The paediatrician recommended a biopsy, the results of which were sent to America. And lost. Twice! Brandon’s nursery school teacher kept filling them in on how Brandon was not able to do the things his classmates were doing. Brandon’s parents were tearing their hair out! What was wrong with their little boy? Then he was rushed to hospital with a fever and suspected meningitis. He didn’t have meningitis, but a brain scan was performed and it was discovered that he had an arrested brain atrophy. He also had an enlarged liver. Gaynor and her husband demanded that the paediatrician provide them with an answer to what was going on – immediately! They were referred to The Genetic Counselling Clinic and that was where they learnt that their child had Beckwith-Wiedemann Syndrome.
Children with this condition are large at birth and basically continue to be large until they sort of “grow into themselves”. They actually stop growing earlier than other children. That explained the incredibly large birth weight and enlarged liver. Brandon had it mildly and didn’t have the large tongue or deep ear pits that many children have with the condition. He did however have the ‘stork bite’ birthmark on his forehead which is often prevalent with BWS. It is a rare condition and not well known in South Africa. This is why it took so long to diagnose.
Via Google I came across the story of Jack Ives. Jack who is only 5 years old is already 4ft 2inches tall, neck and neck with boys finishing primary school. His mother is constantly having to replace his clothes and shoes because he grows out of them so quickly.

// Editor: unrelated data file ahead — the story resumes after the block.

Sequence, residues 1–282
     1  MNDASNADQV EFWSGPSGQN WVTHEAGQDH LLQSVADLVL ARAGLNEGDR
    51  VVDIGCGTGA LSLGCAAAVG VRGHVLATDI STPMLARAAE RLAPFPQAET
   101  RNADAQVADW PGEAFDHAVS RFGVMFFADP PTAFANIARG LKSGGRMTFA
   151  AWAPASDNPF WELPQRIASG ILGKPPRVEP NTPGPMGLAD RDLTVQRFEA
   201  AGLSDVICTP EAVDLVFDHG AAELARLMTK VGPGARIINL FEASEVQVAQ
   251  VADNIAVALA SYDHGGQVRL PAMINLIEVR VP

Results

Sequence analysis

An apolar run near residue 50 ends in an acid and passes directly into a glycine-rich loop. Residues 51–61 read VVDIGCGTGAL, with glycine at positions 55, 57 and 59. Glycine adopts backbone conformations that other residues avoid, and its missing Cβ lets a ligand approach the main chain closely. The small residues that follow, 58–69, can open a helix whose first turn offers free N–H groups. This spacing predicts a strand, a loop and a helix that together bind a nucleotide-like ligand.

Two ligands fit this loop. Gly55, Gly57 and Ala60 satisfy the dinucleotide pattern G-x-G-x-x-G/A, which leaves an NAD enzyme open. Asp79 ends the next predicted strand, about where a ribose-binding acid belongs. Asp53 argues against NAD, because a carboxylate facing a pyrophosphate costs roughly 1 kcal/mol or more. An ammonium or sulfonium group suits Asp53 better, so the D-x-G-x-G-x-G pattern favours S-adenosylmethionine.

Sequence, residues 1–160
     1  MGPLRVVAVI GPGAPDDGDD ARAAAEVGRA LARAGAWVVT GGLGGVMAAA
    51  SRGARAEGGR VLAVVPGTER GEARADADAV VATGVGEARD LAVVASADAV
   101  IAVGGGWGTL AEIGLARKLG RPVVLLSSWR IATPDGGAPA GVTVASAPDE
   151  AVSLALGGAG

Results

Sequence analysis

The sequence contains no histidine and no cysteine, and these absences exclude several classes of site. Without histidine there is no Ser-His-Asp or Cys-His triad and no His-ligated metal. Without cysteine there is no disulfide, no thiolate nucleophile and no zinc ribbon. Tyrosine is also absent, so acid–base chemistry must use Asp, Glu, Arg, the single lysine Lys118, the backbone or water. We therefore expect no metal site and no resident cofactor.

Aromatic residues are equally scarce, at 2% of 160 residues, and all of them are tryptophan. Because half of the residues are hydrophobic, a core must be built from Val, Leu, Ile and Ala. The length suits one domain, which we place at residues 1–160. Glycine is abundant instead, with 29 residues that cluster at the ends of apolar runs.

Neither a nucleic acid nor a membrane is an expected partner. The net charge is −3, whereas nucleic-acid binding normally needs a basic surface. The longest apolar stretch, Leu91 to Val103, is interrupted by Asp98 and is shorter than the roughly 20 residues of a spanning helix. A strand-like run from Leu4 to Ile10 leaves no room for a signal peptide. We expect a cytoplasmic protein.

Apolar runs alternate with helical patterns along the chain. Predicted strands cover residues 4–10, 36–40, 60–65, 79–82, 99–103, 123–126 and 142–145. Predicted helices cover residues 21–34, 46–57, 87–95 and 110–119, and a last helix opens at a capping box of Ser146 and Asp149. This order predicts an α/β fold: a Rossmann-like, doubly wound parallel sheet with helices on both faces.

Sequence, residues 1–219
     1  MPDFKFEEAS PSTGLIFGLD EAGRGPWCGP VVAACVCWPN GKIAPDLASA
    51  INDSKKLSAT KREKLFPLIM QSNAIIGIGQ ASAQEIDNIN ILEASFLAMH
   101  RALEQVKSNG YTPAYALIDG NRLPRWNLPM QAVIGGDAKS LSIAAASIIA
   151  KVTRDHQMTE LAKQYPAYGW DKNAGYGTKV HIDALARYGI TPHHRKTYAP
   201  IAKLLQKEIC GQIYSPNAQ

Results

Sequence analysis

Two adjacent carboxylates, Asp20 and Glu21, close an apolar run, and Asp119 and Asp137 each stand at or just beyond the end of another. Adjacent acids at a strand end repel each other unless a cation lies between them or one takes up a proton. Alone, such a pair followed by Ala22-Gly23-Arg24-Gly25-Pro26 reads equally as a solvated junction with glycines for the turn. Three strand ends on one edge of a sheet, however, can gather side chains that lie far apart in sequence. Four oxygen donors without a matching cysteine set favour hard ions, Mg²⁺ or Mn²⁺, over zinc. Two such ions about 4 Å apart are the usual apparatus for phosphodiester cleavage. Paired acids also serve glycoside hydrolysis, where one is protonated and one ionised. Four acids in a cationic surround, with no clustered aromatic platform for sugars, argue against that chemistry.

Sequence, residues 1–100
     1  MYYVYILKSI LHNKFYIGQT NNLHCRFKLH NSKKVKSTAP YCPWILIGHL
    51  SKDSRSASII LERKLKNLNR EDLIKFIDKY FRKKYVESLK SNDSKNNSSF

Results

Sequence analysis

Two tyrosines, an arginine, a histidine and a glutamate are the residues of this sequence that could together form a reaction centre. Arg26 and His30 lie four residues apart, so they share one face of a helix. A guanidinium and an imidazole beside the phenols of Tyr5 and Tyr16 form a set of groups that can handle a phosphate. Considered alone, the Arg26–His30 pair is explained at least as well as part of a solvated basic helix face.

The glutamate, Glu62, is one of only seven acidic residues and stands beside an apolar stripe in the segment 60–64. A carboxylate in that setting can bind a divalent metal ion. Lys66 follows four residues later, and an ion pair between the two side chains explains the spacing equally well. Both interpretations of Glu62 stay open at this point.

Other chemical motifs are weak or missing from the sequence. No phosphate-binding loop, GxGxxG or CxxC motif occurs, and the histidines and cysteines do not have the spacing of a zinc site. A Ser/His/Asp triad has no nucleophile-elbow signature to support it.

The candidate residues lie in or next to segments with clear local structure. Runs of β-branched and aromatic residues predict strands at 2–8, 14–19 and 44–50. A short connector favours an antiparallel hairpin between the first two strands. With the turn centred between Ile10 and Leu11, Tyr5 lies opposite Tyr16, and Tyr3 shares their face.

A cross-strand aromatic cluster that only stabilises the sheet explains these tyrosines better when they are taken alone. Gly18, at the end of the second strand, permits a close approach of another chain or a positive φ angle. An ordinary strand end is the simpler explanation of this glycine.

Jack is one of only 64 people in the UK born with Beckwith-Wiedemann Syndrome. He was born six weeks premature yet still weighed in at 7lbs 3oz. The first 12 months of his life were spent in the intensive care unit at Sheffield Children’s Hospital. Jack has already undergone 15 operations including three on his tongue to make it shorter, and has also had a tracheotomy and a gastronomy to enable him to eat and breath properly.
Fortunately, Brandon’s case was mild. The doctor told Gaynor and her husband that they were already providing the best therapies they could for him with Occupational Therapy and Physiotherapy, but that there was one further serious complication. Apparently young children with Beckwith-Wiedemann Syndrome are prone to abdominal cancer. So it meant a round of six monthly sonars and scans for him to ensure that no cancer was developing, until he turned eight. Thankfully Brandon remained cancer free. The protocol in America now is to go for scans every three months and blood tests every six weeks, which shows what a fast developing cancer it is.
Today Brandon has grown into himself and is a totally normal fourteen year old. What was so utterly frustrating for Gaynor and her husband was that their child was five before he was correctly diagnosed. For years they had “to grope around in the dark”, trying to discover the “key” to unlocking Brandon’s condition. I sat there in that “Gruck-Eskom” evening and suddenly the darkness didn’t seem so all encompassing. Eskom had to get this whole untenable situation sorted out, but this was Eskom’s problem not mine. But, there was something I could do. Shine a light on Beckwith-Wiedemann Syndrome so that other parents didn’t have to ‘grope around in the dark”. If people are more aware of this condition then it’s dangers, diagnosis and consequent treatment may not be so incredibly drawn out.
So, please, spread the word about Beckwith-Wiedemann Syndrome. By doing so, you could end up saving a childs life!
Brandon’s mum has found the Beckwith Wiedemann Syndrome Facebook Page invaluable.